Kendell Airlines was one of the biggest regional airlines in Australia and was at times, the largest in the country. It served major regional centres mostly in New South Wales, Victoria, South Australia and Tasmania from the state capitals, but also operated Regional Jet services into Central Queensland. Many of its services were in co-operation with its parent company Ansett Australia during the 1990s.
The airline was founded in 1967 as Premiair Aviation by aviation enthusiast Don Kendell and partners, originally serving as an air charter provider and flying school, based in Wagga Wagga in New South Wales. In 1971, the airline launched scheduled services using Piper PA-31 Navajo aircraft between Wagga Wagga and Melbourne. PA-31 VH-CLU is shown below at Wagga Wagga in July 1977.
Shortly afterwards, the route network was expanded with flights to Sydney and Canberra. Flight operations saw a further increase during the 1970s when de Havilland Heron and Swearingen Metro II aircraft were added to the fleet.
In 1983, the airline's name was changed to Kendell Airlines.
In early 1985, the airline introduced the 34-seat SAAB 340, a more modern regional airliner. Kendell was in fact the first airline in the Southern Hemisphere to operate the SAAB 340, with further aircraft of that type being added over the following years. SAAB 340A VH-EKD is pictured below at Adelaide in April 1993 - and VH-EKD continues to fly in Australia (and Central Queensland) as a freighter for Pel Air (Regional Express - better known as REX).
During the mid-to-late 1980s, the route network was nearly doubled as a consequence of the deregulation of the Australian airline market. During the 1990s, Kendell established further operating bases to add to its original one at Wagga Wagga Airport, namely at Devonport Airport, Albury Airport and Sydney Airport, largely as a result of the airline becoming a subsidiary of Ansett.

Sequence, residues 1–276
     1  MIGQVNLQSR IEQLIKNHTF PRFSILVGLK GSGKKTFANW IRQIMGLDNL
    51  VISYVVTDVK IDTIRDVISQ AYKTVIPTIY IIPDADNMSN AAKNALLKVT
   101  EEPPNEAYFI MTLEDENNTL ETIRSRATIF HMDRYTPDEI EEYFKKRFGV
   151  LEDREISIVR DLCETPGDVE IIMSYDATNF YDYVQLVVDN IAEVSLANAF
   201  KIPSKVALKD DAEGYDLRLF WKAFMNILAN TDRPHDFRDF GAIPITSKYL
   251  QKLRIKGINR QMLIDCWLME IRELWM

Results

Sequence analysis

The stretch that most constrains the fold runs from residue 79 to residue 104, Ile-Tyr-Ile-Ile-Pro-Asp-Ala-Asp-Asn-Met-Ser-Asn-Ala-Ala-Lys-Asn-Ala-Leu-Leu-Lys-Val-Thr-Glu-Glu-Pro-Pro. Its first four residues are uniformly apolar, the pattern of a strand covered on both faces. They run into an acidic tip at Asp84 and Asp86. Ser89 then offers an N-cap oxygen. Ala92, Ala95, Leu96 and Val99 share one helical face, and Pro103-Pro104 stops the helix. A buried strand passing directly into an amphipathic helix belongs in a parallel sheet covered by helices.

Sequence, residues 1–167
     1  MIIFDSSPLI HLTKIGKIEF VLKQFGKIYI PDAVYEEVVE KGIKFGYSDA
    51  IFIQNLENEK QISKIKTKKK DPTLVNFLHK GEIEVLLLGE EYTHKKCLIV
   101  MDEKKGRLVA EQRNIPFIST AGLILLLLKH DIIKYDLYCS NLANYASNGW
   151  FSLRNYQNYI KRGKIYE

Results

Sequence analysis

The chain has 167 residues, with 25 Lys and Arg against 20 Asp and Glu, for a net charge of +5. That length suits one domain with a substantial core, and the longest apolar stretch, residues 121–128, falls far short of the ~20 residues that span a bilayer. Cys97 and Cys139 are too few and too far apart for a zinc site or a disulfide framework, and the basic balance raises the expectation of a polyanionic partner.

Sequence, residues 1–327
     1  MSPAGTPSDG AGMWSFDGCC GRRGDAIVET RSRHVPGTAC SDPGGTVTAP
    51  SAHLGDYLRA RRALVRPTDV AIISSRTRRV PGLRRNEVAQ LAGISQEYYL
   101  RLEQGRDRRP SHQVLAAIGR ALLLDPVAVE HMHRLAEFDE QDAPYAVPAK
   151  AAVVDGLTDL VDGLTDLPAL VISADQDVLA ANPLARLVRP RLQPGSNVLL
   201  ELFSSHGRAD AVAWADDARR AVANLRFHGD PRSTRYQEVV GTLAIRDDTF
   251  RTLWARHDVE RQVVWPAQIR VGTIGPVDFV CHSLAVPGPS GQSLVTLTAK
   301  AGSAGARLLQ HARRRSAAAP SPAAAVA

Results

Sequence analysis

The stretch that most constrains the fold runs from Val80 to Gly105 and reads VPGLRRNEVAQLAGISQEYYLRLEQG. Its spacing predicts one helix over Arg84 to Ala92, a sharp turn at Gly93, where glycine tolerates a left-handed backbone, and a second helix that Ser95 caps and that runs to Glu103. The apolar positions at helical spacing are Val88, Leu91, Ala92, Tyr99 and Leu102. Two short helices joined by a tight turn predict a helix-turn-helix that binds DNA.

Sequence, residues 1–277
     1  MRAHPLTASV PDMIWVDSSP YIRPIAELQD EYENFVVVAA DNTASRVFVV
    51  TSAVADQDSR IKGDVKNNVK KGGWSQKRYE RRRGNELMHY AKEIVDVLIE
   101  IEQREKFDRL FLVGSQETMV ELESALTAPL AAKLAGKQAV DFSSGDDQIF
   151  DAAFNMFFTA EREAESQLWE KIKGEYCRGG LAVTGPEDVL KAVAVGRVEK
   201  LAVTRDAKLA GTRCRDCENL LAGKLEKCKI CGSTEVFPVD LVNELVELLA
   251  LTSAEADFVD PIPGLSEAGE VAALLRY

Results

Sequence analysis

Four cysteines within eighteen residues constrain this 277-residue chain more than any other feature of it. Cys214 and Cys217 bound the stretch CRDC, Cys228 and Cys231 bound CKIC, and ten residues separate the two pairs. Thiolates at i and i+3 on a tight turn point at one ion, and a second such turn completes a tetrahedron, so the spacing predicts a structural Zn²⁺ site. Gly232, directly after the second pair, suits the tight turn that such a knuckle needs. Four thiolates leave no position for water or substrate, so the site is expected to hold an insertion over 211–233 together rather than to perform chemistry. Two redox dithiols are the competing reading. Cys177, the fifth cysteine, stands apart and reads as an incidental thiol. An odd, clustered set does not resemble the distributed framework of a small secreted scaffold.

In the late 1990s and early 2000s, Kendell Airlines took delivery of 18 Canadair CL-600-2B19 CRJ-200ER regional jet aircraft. The first jet aircraft to be operated by the airline.
One of the last CRJ-200s to be delivered VH-KJY was open for inspection at the Sunshine Coast Airport in March 2001.
Kendell Airlines CRJ-200s were initially flown to Brisbane from Canberra, before eventually, a handful of the regional jets were based at Brisbane and utilised on services into Central Queensland. The CRJ-200s replaced Ansett Brittish-Aerospace BAe 146-300s on services into Rockhampton, Mackay, Proserpine / Whitsunday Coast and Hamilton Island. CRJ-200ER VH-KJQ is pictured below at Rockhampton Airport on Sunday 18 February 2001.
In mid-September 2001, shortly after the last CRJ-200 - VH-KXJ shown below - had joined the fleet, Ansett Australia collapsed, also grounding the fleet of Kendell Airlines. Kendell Airlines was placed into administration, but continued to operate a limited schedule.
In 2002, Kendell, and fellow Ansett subsidiary, Hazelton Airlines, were sold to a consortium known as Australiawide Airlines, from which Regional Express Airlines (REX) was formed. Most of the turboprop aircraft operated by Kendell Airlines at that time were taken over by REX, while the CRJs were returned to lessors during 2002. Most ended up in storage at Calgary in Canada as shown below in October 2002.
After a period of storage in Canada, the CRJ-200s have since re-entered service in various places around the world including Europe and, as shown below on the HNL Rarebirds Blog in August 2010, operating in the Hawaiian Islands for Go! / Mokulele Airlines.
Certainly a great airline with a rich history in Australian aviation. The CRJ-200 was a lovely looking little regional jet which unfortunately I was never able to get on board. It was such a shame that Kendell Airlines fell victim to the Ansett colapse, and the CRJ-200s were not maintained in the REX - or any other Australian airline's - fleet.
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